By Jason Snell
January 12, 2018 3:31 PM PT
Reading disks from 1988 in 2018
Warning: This story has not been updated in several years and may contain out-of-date information.
I used an Apple IIe computer throughout high school and into my second year in college, before I bought a Mac SE. That following summer I sold the Apple IIe and everything that came with it—the monitor, floppy drives, and dot-matrix printer—and pocketed the cash1. What I was left with were two boxes containing two dozen 5.25-inch floppy disks.
I could’ve thrown the disks away—I had already transferred all the files I cared about to the Mac2. But for some reason I saved them instead. And the two dozen floppy disks stayed in two battered boxes for the next 27 years.
Every now and then I would find them in whatever storage box they’d been hidden in, as they moved from the house I grew up in to various apartments and ultimately the house I’ve lived in for the last couple of decades. In 2001 my curiosity and a feeling of nostalgia got the best of me and I decided I’d try to copy them so I could run them in an emulator on my Mac, so I bought an Apple IIc on eBay3 and an Apple IIc to Mac Serial connector cable.
Whatever motivation I had to excavate my late-80s life faded with the 9/11 attacks and vanished a couple months later when my daughter was born. The IIc went in the box with the disks and there they sat until December, when I decided I was going to finally finish this project, once and for all—if the disks hadn’t rotted in the intervening 16 years.
In the intervening decade and a half, the Mac Serial-to-USB adapter I had counted on (I have two of them!) fell out of compatibility; the most recent driver I could find for it was compatible with Snow Leopard. I actually pulled a Core 2 Duo Mac Mini off a shelf and installed Snow Leopard on it, but plugging in the adapters only resulted in a kernel panic.
Fortunately, there are sites out there to help people like me with problems like these. I ended up buying a couple of cables from RetroFloppy, one that connects to the Apple IIc modem port and has a standard PC serial plug on the other end, and a PC serial-to-USB adapter that has modern Mac drivers.4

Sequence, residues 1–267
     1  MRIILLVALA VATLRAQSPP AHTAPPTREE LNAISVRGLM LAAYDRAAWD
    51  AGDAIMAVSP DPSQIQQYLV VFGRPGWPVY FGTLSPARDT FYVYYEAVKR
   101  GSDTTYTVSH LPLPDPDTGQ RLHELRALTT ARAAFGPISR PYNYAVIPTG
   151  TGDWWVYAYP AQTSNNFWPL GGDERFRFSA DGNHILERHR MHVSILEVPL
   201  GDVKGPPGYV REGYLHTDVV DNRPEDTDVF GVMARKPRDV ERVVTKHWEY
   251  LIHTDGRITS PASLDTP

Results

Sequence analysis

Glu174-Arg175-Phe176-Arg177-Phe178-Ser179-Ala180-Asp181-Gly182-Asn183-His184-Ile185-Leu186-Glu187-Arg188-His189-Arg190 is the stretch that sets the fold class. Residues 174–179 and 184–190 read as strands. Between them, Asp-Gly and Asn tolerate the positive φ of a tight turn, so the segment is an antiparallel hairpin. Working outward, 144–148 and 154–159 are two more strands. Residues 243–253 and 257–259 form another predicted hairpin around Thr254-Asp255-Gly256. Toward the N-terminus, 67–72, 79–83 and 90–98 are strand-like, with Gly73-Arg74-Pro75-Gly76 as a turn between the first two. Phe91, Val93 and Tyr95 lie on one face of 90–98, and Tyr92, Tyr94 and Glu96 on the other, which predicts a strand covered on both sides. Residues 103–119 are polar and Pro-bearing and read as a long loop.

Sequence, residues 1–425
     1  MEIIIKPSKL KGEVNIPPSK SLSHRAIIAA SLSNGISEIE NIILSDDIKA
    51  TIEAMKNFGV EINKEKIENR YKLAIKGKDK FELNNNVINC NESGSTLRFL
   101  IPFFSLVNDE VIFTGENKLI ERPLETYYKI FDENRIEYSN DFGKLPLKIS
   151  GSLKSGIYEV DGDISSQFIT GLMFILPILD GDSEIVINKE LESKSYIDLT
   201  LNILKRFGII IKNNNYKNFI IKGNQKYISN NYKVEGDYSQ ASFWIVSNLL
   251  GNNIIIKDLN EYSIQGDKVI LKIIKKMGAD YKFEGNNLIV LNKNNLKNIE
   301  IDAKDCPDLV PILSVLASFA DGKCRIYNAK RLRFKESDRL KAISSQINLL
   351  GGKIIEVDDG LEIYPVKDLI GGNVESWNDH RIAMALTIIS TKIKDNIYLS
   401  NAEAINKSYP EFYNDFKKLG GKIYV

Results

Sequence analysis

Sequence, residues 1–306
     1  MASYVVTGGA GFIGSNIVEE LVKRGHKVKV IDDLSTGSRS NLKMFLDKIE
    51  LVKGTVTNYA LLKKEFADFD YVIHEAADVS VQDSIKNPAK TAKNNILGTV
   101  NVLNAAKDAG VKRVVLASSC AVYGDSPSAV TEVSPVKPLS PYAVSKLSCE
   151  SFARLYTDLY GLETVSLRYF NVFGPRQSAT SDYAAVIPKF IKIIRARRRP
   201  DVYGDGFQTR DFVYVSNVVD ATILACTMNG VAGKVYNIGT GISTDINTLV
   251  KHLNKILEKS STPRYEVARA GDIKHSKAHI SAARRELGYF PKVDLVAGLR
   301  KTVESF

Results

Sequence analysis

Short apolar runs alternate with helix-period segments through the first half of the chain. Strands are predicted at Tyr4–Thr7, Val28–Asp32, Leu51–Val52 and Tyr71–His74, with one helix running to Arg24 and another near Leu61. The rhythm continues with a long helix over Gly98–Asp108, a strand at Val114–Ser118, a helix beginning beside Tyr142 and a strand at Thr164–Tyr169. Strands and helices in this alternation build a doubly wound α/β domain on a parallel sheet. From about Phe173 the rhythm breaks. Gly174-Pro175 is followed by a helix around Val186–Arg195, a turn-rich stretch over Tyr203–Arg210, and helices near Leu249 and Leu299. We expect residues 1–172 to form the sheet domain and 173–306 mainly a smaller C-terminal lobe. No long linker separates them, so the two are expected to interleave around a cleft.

Since I was placing an order with RetroFloppy, I also bought a copy of David Schmidt’s ADTPro for Apple II (on 5.25-inch floppy disk!) because I needed a copy of it anyway. ADTPro—short for Apple Disk Transfer ProDOS—is the go-to software for copying files off of an Apple II.
The next step in the process was figuring out how to see anything on my Apple IIc. That computer’s stock video-out port is a single composite RCA plug, the kind you’d plug into any TV or VCR back in the day. Unfortunately, since 2001 almost every single video device in my life has been replaced with one that doesn’t offer composite video ports. I was concerned that I was going to have to buy an adapter, but then I realized that I still have my old digital camcorder, which has composite ports and which I have used (via a FireWire daisy chain of epic proportions5) to convert old VHS tapes from an old VCR into digital files on my Mac. Yes, I ended up booting an Apple IIc and using a Sony Digital 8 camcorder as the external monitor.
With that all set, it was time to run ADTPro on my Mac. It’s a Java app and therefore not the prettiest thing, but it did the job—I was able to connect to the Apple IIc and boot into ADTPro, at which point I could simply start inserting disks one by one and watch as they were transferred (at a surprisingly fast rate—less than a minute) across the serial cable to my Mac, where they were saved as 143K Apple II disk image files. Talk about anticlimactic. Imaging took less than an hour. There were no bad disks, nearly 30 years later.
After the imaging was done, it was time to read them on my Mac using Gerard Putter’s Virtual II emulator. The disks with DOS or ProDOS on them booted just fine. There’s even a Quick Look extension for Virtual II that would display the contents of a disk in the Finder when I pressed the space bar. How civilized.
Then came a new problem: How do you get text files out of a virtual computer? The answer seems to be the same as with a real one: you “print” the files, and Virtual II’s virtual printer can generate a PDF or put text on the clipboard. But to print a text file, you need to load it into a program. Fortunately, I found a disk image of my preferred word processor—Apple Writer II—in an archive of old Apple II software on the web, and was able to boot up that program and load all the disks that I had formatted in the ProDOS disk format.
But a lot of my disks were in DOS 3.3 format instead, and couldn’t be read. How to get the files off of there? Apparently there exists no bootable disk image of Apple Writer II for DOS 3.3 out there—every single version I found failed to boot on Virtual II—so I had to try some other techniques.